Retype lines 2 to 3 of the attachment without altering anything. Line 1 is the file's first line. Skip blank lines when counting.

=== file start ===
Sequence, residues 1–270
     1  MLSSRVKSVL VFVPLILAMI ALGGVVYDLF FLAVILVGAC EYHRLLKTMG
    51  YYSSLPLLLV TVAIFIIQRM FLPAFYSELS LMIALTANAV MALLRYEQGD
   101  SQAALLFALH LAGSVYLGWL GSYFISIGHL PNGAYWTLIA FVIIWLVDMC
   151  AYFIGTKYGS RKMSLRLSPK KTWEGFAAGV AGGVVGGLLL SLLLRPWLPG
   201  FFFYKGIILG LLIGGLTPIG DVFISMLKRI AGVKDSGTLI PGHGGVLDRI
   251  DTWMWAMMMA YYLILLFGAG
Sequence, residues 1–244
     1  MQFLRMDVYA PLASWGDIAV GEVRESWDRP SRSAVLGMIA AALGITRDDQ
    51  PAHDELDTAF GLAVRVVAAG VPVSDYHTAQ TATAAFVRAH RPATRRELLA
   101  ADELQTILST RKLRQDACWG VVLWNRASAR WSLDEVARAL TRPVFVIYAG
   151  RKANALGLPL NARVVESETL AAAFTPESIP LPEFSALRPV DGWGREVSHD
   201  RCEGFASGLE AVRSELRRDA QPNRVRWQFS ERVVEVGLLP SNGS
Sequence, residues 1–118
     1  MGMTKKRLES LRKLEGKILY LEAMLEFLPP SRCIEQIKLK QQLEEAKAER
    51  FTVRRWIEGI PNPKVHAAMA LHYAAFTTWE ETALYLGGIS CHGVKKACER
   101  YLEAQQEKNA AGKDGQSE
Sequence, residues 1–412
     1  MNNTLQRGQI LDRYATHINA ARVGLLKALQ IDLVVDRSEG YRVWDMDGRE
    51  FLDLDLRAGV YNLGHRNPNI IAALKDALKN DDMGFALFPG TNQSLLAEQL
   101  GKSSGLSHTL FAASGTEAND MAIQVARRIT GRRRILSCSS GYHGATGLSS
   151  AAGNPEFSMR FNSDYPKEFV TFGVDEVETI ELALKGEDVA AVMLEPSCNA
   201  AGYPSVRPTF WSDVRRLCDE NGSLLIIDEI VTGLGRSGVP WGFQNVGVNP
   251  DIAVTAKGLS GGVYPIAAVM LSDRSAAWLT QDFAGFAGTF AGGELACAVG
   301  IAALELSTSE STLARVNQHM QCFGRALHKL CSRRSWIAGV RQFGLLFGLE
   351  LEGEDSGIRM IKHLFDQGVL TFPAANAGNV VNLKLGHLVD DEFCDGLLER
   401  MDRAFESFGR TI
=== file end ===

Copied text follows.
     1  MLSSRVKSVL VFVPLILAMI ALGGVVYDLF FLAVILVGAC EYHRLLKTMG
    51  YYSSLPLLLV TVAIFIIQRM FLPAFYSELS LMIALTANAV MALLRYEQGD